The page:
A busy November
The start of the 70th session of the Colorado Legislature is less than a month away, although the Joint Budget Committee (JBC), of which I’m now a member, has been at work for about three weeks.
I’ve also been introduced to many newly elected legislators, and I am reminded of my experience two years ago when I was overwhelmed with the learning experience of being a new representative. Every legislator, in both the House and Senate, can introduce five bills per session. The newly elected have a lot of ideas and promises to keep, so it’s going to be interesting to see what emerges in the first few weeks.
Work on the JBC is intense but a great opportunity to learn the intricacies of Colorado state government. There are six members on the JBC this session. With the split between the Democrat-controlled House and Republican-controlled Senate, the six-member JBC is made up of three members from each party.
The state will spend about $26.8 billion, made up of taxes, fees and federal dollars, in the upcoming fiscal year. Because revenue is expected to exceed constitutional limits set by the Taxpayer Bill of Rights (TABOR), the current projection is that the state will refund about $170 million next year, including $30.5 million collected through marijuana sales tax.
K-12 and higher education funding will get another boost, but K-12 funding will still not erase the “negative factor,” a mechanism put into place during the recession to balance the budget. Medicaid has grown faster than expected since the expansion of eligibility under the Affordable Care Act. The committee is sorting through individual program budgets, of which there are many. When we get an updated revenue projection next week, and again in February, we will start to put the top level budget together and see what can fund the new bills brought forth by the current legislators. If you’re wondering whether or not there will be a quiz at the end of this column, I’ll forgo it until next month.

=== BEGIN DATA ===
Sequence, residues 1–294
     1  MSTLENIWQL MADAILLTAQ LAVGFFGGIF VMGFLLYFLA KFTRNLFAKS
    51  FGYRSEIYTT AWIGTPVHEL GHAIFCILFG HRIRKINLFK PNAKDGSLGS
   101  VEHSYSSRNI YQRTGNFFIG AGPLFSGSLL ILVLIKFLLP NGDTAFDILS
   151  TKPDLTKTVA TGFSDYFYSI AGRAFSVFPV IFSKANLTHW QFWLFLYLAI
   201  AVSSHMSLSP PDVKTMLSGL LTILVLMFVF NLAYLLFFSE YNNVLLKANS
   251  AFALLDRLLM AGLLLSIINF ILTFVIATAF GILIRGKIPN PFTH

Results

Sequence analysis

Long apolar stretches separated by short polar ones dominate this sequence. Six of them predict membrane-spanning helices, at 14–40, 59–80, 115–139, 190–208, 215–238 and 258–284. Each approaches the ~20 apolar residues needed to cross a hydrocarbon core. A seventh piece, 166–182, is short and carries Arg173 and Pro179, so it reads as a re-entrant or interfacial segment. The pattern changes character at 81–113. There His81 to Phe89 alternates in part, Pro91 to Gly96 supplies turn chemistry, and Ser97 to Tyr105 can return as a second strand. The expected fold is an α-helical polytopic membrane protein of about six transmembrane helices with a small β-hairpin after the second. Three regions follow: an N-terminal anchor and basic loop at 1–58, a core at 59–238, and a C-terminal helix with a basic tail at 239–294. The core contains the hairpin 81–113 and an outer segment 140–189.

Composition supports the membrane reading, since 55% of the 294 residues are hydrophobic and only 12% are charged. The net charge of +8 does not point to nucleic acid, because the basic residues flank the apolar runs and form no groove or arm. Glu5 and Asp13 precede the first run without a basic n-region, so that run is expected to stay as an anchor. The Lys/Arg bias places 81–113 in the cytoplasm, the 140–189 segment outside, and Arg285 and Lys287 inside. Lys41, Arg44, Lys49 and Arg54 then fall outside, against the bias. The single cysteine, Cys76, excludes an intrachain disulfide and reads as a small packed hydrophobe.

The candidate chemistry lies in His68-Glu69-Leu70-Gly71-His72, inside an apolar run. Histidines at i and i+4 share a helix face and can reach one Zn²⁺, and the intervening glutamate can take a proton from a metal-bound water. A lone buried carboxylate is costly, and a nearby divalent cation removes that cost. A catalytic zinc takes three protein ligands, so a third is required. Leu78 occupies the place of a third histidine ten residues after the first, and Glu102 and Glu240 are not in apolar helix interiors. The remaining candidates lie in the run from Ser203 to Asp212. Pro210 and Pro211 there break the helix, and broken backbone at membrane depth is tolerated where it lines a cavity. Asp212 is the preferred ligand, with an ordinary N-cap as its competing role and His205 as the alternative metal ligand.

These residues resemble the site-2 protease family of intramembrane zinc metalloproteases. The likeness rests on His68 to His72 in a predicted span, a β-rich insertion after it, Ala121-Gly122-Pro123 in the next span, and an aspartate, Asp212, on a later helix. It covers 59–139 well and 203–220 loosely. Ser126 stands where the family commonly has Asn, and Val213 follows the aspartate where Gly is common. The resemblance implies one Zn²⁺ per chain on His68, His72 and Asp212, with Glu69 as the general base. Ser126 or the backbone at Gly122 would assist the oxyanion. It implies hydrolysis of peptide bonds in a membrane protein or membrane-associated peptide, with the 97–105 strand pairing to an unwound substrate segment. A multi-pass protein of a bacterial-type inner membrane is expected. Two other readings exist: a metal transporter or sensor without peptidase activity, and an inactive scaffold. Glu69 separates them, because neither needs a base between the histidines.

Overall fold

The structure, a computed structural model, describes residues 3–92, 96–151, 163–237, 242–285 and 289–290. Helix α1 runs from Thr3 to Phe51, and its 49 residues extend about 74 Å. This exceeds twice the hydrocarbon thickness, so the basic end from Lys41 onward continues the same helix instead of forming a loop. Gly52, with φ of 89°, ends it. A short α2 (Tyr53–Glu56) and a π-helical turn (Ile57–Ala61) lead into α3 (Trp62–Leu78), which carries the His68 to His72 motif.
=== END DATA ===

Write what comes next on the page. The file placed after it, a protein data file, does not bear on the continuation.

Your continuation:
The Roan Plateau settlement has now been signed and an environmental impact study can proceed to allow gas development on half of the lands originally leased. Hopefully the experience can be used to start discussions on the Thompson Divide leases.
I have two bills in draft form. The first will funnel more support to rural schools. My second important bill is a repeat of a bill that I introduced last year to strengthen the state’s role in our partnership with the federal government. The Roan Plateau settlement and the current sage-grouse protection issue are perfect examples of why this bill is so important. It will enable the state and counties to work together toward resolution of these important and complicated issues.
Joyce continues to work as my legislative aide and is very busy handling scheduling and constituent issues. She is also working with high school students throughout the district who have volunteered for her “Intern in the Field” program. The students will learn about state government while keeping us informed of issues in their local communities.
Thank you all for the honor of serving.
“Under the Dome” appears on the second Tuesday of the month. State Rep. Bob Rankin, a Carbondale Republican, is in his first term in the state Legislature representing House District 57, which includes Garfield, Rio Blanco and Moffat counties.
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